Destination 270

SMU Students Analyze the 2012 Presidential Election

20 days remain to win Wisconsin

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Before the first presidential debate, Obama held an 11-point lead over Romney. But in recent polls, the Badger state could lean either way. According to the Marquette Law School Poll Director Charles Franklin, it isn’t normal for debates to have this large of an impact on the movement of polls.

This debate bounce for Romney has continued to hold him as a contender for the state. PPP’s most recent poll has Obama only leading by 2 points, 49-47. RealClearPolitics‘ poll also has Obama only leading by 2 points. Many have declared this state as a toss-up, but 538Blog continues to show the state as likely blue.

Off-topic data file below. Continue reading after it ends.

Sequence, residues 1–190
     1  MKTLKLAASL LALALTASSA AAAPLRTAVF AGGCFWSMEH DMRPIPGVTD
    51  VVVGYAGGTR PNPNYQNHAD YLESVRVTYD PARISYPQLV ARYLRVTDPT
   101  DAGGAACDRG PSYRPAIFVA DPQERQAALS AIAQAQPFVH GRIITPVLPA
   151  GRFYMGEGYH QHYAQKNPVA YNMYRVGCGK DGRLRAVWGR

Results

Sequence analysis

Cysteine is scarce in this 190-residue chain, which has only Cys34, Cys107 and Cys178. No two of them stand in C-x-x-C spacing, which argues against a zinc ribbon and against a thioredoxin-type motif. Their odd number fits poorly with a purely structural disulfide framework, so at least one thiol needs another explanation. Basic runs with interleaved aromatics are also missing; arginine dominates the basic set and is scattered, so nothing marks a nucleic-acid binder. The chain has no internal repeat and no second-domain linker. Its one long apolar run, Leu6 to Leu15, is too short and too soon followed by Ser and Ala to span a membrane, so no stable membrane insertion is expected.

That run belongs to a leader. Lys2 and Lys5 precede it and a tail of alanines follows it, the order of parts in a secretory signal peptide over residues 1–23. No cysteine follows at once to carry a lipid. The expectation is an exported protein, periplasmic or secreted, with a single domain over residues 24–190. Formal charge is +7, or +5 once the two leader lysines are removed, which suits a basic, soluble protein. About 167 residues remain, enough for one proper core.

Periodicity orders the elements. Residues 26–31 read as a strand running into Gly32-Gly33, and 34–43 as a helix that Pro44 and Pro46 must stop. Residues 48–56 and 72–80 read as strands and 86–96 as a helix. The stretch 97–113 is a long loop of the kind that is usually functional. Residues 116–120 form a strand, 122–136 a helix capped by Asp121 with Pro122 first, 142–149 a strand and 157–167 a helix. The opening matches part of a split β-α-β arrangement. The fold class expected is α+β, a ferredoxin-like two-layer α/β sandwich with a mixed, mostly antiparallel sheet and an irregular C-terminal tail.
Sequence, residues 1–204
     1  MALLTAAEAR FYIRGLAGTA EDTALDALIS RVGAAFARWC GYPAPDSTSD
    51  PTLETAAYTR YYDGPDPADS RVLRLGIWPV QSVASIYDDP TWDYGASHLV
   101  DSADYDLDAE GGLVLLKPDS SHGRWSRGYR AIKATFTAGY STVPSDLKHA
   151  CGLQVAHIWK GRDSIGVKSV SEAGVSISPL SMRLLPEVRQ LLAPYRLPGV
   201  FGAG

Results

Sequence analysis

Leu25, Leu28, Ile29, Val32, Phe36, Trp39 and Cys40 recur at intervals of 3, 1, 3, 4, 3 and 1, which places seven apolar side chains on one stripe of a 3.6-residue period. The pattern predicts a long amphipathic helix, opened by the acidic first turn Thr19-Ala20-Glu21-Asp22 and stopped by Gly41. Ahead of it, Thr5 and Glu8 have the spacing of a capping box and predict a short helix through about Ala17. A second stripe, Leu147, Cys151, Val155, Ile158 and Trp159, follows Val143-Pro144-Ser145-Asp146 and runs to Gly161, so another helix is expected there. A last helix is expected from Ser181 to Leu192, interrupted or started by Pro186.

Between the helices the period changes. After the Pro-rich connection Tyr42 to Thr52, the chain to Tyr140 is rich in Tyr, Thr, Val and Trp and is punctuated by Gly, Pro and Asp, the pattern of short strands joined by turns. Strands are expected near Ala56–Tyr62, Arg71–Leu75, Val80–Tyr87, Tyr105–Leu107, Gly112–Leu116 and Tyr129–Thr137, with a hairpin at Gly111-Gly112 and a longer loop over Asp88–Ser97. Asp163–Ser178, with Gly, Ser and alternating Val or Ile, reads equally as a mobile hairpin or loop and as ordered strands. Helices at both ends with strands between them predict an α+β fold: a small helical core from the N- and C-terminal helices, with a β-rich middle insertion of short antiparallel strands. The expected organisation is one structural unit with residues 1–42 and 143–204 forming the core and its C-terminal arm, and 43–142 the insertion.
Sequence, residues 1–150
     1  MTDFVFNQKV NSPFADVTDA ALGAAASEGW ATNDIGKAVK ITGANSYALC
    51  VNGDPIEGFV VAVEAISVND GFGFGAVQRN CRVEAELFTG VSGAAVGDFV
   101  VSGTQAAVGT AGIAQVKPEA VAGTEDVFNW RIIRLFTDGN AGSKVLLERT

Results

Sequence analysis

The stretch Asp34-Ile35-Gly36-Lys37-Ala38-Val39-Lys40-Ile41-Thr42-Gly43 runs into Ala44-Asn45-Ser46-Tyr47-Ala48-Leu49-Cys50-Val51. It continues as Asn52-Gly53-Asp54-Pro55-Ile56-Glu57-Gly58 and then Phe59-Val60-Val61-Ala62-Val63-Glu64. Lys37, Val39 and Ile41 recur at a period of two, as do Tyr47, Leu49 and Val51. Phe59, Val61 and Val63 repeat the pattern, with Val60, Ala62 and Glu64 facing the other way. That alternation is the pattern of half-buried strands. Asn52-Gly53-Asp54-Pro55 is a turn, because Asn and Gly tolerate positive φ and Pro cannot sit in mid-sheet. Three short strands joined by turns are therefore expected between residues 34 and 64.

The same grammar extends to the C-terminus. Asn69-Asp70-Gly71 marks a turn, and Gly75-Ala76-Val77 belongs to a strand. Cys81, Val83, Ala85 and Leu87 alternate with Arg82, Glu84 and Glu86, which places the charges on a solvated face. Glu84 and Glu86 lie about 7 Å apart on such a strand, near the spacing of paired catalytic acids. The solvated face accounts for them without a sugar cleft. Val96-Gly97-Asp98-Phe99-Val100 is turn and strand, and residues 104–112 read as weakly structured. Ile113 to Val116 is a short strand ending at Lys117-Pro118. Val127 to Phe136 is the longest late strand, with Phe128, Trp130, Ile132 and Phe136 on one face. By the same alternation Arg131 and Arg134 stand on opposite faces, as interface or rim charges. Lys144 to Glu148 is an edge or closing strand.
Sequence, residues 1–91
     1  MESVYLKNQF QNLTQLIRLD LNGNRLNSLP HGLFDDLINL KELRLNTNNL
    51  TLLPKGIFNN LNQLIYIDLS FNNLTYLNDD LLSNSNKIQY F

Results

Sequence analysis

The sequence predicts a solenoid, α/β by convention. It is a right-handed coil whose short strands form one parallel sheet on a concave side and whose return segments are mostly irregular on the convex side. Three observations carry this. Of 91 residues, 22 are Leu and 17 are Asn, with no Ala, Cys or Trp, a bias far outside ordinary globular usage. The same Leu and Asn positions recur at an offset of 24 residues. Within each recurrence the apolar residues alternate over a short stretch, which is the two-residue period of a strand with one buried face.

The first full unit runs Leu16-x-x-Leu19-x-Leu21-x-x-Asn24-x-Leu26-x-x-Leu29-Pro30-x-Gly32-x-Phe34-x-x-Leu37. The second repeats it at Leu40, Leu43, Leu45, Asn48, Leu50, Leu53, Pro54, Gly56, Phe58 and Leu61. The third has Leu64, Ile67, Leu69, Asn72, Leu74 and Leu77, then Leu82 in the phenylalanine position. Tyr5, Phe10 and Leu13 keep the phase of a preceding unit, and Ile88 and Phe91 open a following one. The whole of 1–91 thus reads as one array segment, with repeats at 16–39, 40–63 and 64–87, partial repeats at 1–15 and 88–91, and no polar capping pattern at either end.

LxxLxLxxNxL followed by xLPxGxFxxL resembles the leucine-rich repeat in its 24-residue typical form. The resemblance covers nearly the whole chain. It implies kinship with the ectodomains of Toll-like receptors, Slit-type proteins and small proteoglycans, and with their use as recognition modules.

What is going to decide who will win this election? Who do the candidates need to appeal to in order to secure the 10 electoral votes?
I find it interesting that a state that hasn’t voted Republican since 1984 and Obama won by 14 points in 2008 is such a toss up. Obama has continued to lead in all of the polls, but the gap has been narrowing.
According to the 2010 census, Wisconsin is 88.4% caucasian. The minority vote is not going to be the determinant of this state; its women. Caucasian men in Wisconsin support Romney over Obama by double digits. Nationally, Obama appeals to women more than Romney. But women compose nearly 50% of the state’s population; this illustrates how important winning their vote could be.
Wisconsin’s key issues are:

The value of this swing state is important. 10 electoral votes could make or break either candidate. $21 million, combined for both parties, has been spent in Wisconsin on advertising alone (I know everyone is surprised- they were over 80% negative).

Judging the most recent data, I believe that Obama will barely will Wisconsin. He has continued to hold his lead, no matter how small, and in polls remains as the candidate that cares more about people personally. While the debates have helped Romney tremendously in the state, he has yet to pass Obama in any polling.

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